Retail at a glance, 2004 to 2012
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Food and new and used motor vehicles are the commodities that account for the largest shares of retail spending in Canada. In recent years there have been changes in the share of these products within total retail sales. As well, there has been a shift in the type of store where food is being purchased.
From 2004 to 2007, the share of retail spending for motor vehicles sales was about one percentage point higher than that of food. This changed in 2008, as a larger share of the retail dollar was spent on frequently purchased goods, such as food, and less on big ticket items, like motor vehicles.
Purchases of consumer durable goods, such as motor vehicles, are generally easier to postpone or bring forward in response to economic conditions than are purchases of non-durable goods, such as food. The difference between the shares of food sales and motor vehicles sales peaked in 2009 at 2.9 percentage points, as fewer consumers purchased motor vehicles during the economic downturn.
The gap has narrowed each year since 2010. Motor vehicle sales fell, on average, $4.1 billion in 2008 and 2009, while food sales increased by $4.2 billion over this two-year period. From 2010 to 2012, sales of new motor vehicles increased, on average, $4.9 billion a year outpacing the growth in food sales, which averaged $2.7 billion a year over the same time span.
General merchandise stores compete for food sales
In 2012, food sales at retail stores totalled $82.2 billion. This translates into 17.5 cents of every retail dollar being spent on food products. From 2004 to 2012, 96 cents of every dollar spent on food was purchased at two types of stores: food and beverage stores and general merchandise stores. Since 2004, there has been a shift in the type of store where food is being purchased, as general merchandise stores have increased the variety of food products they offer to customers.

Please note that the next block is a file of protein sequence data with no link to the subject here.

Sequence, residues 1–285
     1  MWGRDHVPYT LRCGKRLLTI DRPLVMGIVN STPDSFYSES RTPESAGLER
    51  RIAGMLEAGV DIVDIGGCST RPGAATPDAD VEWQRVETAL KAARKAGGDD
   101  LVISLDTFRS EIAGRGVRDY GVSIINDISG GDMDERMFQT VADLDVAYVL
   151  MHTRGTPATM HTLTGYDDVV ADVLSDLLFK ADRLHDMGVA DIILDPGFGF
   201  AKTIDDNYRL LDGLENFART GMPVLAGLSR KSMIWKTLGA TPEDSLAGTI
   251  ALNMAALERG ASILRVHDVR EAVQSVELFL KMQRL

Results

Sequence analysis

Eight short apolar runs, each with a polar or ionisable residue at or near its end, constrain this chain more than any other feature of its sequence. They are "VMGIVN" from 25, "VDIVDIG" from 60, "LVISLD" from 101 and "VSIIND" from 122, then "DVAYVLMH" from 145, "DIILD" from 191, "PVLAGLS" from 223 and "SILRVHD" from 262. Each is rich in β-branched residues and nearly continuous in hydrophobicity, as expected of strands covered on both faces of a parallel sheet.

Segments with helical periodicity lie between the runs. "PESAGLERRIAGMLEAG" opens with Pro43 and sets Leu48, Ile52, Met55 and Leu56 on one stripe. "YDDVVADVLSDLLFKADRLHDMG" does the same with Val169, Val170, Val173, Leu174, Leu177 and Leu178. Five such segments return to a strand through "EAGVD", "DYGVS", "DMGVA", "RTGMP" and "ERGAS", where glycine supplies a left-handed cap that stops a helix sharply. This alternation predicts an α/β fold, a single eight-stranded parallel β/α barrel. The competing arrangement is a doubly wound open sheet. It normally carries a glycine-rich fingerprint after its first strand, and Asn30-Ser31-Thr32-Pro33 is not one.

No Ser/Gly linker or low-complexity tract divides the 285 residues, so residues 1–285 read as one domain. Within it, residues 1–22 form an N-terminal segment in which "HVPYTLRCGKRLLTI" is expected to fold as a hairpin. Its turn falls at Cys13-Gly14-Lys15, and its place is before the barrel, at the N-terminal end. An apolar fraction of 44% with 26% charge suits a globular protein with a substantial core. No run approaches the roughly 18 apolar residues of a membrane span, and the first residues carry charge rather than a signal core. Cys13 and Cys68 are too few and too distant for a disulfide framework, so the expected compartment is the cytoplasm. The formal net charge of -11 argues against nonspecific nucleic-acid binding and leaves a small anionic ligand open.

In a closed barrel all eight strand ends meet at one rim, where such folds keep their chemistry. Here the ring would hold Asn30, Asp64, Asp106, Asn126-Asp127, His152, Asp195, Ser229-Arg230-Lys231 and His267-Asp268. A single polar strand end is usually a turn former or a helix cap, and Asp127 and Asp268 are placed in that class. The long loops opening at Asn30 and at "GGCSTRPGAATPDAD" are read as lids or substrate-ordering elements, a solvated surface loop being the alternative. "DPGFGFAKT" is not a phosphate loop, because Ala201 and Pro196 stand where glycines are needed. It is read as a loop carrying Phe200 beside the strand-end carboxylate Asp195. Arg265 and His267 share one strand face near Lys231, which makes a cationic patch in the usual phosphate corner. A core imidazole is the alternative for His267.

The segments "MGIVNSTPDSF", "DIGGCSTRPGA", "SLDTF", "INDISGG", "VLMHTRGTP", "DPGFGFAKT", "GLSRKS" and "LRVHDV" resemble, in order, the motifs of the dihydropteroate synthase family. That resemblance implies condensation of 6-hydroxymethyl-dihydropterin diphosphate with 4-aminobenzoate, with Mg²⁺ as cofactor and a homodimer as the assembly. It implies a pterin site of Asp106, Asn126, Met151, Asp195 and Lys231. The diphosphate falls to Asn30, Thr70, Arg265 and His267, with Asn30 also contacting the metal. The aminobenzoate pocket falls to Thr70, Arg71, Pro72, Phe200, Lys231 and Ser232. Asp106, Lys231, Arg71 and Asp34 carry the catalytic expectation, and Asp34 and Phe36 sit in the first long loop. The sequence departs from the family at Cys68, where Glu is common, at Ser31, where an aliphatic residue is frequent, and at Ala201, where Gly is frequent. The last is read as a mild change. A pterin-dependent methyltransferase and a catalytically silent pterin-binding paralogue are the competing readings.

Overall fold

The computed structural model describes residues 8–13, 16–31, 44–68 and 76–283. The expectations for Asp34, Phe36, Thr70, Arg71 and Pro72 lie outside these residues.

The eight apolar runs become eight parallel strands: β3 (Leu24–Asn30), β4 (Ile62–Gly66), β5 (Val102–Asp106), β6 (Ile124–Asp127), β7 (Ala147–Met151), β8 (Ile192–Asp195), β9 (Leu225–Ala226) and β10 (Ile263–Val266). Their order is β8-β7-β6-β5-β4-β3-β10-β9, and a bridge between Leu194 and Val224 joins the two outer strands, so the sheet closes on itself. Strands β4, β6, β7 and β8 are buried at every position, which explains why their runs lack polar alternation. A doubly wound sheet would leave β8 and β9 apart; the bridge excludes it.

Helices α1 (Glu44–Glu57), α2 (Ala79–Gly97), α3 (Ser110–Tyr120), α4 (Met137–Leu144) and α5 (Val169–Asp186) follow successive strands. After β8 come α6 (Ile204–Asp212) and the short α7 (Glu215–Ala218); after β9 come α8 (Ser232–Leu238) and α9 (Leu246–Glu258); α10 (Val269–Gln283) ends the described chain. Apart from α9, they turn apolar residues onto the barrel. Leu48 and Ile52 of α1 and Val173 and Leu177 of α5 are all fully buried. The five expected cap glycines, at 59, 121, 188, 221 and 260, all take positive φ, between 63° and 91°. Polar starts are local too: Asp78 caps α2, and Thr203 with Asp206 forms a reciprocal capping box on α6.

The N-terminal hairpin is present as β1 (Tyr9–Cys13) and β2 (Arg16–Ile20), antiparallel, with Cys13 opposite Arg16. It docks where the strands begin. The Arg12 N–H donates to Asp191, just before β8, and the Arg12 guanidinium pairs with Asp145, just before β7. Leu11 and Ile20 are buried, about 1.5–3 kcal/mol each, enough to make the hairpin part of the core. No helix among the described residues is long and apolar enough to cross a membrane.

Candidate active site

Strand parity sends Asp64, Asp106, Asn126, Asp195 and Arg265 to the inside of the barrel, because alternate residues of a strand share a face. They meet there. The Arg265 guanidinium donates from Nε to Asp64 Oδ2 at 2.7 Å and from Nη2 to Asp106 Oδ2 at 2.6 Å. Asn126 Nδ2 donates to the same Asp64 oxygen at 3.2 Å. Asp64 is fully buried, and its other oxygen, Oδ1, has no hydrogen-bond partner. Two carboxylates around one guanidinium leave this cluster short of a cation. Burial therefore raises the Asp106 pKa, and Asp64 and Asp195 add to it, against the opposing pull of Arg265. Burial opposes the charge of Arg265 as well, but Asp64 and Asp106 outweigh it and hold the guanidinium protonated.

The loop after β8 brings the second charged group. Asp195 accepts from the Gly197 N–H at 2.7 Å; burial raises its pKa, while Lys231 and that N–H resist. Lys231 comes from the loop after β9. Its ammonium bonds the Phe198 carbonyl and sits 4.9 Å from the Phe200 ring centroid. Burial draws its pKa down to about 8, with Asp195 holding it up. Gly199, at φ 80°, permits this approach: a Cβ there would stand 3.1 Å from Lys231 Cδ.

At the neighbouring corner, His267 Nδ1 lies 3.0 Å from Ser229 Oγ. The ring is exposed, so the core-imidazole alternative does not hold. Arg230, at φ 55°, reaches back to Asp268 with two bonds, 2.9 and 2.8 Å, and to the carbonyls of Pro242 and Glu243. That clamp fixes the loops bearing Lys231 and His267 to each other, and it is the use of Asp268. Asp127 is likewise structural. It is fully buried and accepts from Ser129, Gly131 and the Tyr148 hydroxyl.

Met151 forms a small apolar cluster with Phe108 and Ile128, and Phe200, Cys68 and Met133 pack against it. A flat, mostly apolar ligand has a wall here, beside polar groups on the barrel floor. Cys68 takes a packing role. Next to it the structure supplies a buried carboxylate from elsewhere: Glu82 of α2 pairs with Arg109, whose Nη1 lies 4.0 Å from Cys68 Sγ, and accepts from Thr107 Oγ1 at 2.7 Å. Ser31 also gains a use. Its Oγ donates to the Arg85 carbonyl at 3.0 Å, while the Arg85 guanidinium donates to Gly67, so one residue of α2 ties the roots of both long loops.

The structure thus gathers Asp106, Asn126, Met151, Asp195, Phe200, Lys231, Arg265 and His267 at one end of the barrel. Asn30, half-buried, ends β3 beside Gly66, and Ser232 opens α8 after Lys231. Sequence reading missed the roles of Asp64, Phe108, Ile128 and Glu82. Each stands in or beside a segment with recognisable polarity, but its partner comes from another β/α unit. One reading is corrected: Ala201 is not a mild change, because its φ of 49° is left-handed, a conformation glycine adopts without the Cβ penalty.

In 2012, general merchandise stores accounted for 16.4 cents of every dollar spent on food sales, a 6.8 cent increase from their share in 2004. Conversely, sales at food and beverage stores accounted for 79.6 cents of every food dollar spent in 2012, a decrease of 7.0 cents over the last eight years.
Food sales account for an increasing share of total spending at general merchandise stores. Food purchases represented 22.5 cents of every dollar spent in general merchandise stores in 2012, a 9.8 cent increase from 2004.
Note to readers
This article is referring to two groupings of commodities from the Retail Commodity Survey: Food, excluding pet food, meals and lunches (A1000); and new and used motor vehicles, excluding converted vans (V1000 and V2000).
For a description of the commodities included in these groupings please refer to the Retail Commodity Survey – Index A.
This article examines two subsectors of the North American Industry Classification System (NAICS): food and beverage store (NAICS 445) and general merchandise stores (NAICS 452). A full listing of the different store types included in these subsectors can be found in online NAICS 2012.
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